Danielle Korek’s Award-Winning Buick Hot Rod
By Brian Brennan – Photography By John Jackson – Illustration By Eric Brockmeyer
All too often we see car builds that go “just a bit outside” of where they should have stopped. We can’t say that about Danielle Korek, of Winfield, Pennsylvania, and her 1960 Buick LeSabre. From what we can see all the “right pieces” were kept and the look is “right on.” Danielle tells us that being the wife of a car builder has its positives, but it can also have some hiccups.
To listen to Danielle tell her story of her love of hot rods comes from a childhood of being around and absorbing the best that stock car and drag races had to offer. But her favorites were car shows. Her love of hot rods was enforced at home and through the remainder of the family, including uncles who fostered this appreciation. There were always lots of Corvette engines being worked on as well as the cars themselves. She did have a special liking for Buicks, so something like this 1960 Buick LeSabre was on the horizon. We’ve all heard the story of the shoemaker’s wife who goes without shoes …
It figures that Danielle would marry a car guy and one who happens to be a builder to boot. Ryan too came from a car family with his dad, Steve, running G&K Customs in Jersey City, New Jersey. The two now run and operate Korek Designs in New Berlin, Pennsylvania. About 15 years ago Danielle and Ryan purchased a 1957 Buick Special, one of Detroit’s great designs with its triple rear window. But that wasn’t to be as life, as we all know, just kept getting in the way. The 1957 never happened but then came the 2020 NSRA Nationals in Louisville and, wouldn’t you know it, on Ryan’s birthday they found the 1960 Buick LeSabre that would go home with them and end up the hot rod you see before you.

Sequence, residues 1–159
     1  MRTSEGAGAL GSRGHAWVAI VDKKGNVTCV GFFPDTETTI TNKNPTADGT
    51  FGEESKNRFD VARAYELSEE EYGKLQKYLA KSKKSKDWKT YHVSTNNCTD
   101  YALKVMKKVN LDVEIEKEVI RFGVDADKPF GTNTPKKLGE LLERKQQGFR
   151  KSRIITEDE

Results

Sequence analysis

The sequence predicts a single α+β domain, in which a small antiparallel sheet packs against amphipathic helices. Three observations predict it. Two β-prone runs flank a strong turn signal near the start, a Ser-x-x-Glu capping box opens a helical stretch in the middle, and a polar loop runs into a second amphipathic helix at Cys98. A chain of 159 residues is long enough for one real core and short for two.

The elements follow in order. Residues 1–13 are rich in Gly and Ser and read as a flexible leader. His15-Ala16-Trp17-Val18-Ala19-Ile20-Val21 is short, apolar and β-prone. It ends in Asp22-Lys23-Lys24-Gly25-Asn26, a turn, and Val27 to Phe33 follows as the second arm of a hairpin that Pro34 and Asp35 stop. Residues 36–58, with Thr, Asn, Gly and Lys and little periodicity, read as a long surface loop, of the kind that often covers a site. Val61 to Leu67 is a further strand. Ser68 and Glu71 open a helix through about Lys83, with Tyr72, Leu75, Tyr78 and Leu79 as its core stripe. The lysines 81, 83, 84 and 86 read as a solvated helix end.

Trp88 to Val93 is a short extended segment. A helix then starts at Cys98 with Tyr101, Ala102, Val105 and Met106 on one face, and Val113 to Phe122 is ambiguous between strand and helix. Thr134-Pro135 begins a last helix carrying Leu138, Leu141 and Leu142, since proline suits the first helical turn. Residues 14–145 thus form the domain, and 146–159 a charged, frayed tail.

Danielle points out the “fun” was about to begin. She and Ryan had their own ideas on how the 1960 Buick LeSabre should be built. We asked Danielle to tell us in her own words just how it came about.
“Coming from the housing industry I often hear that it is challenging for a couple to build a new home together. Let me tell you that it is just as tricky designing a car together as a couple. Ryan’s first thought was to keep the whitewall tires and paint the car coral. Powderpuff was not my vision. I wanted to find a way we could marry edgy and elegant together. Eric Brockmeyer Designs created a rendering assuring me we were headed in the right direction with the car. The custom paint colors Ryan created, the craftsmanship of the Merlot leather interior from Rich at R.P. Interiors, down to the hubcap-inspired one-off wheels by Curtis Speed has turned my 1960 Buick LeSabre into a vehicle that one can only dream about.”
Read More: Now there’s a hot rod owner who is happy with their ride.
Between the frame rails is an original 364-inch V8 engine, often referred to as a Nailhead engine by hot rodders, complete with a four-barrel, a Powermaster alternator, Vintage Air compressor, and custom-inspired Buick valve covers. (This V8 would serve as the basis for the future and popular 401 Buick.) While the exhaust manifolds are stock, they do feed the spent gasses into a custom exhaust that leads to a pair of MagnaFlow mufflers. The stock V8 engine highlights lots of detail and brightwork to make it come “alive.”
More stock powertrain components are the use of the factory two-speed Dynaflow automatic transmission (note, Buick changed the name to “Turbine Drive” to overcome the poor reputation the Dynaflow had.) A note on the shift pattern: “Park” was to the far left of the detent while “Reverse” was to the far right. Noticeably different from today’s pattern. The rear end is a torque tube with semi-floating positraction rear axle, 3.58 gears, and Koni shocks. The rear is still suspended by reworked original coil springs now offering to allow the Buick to sit some 3 inches lower.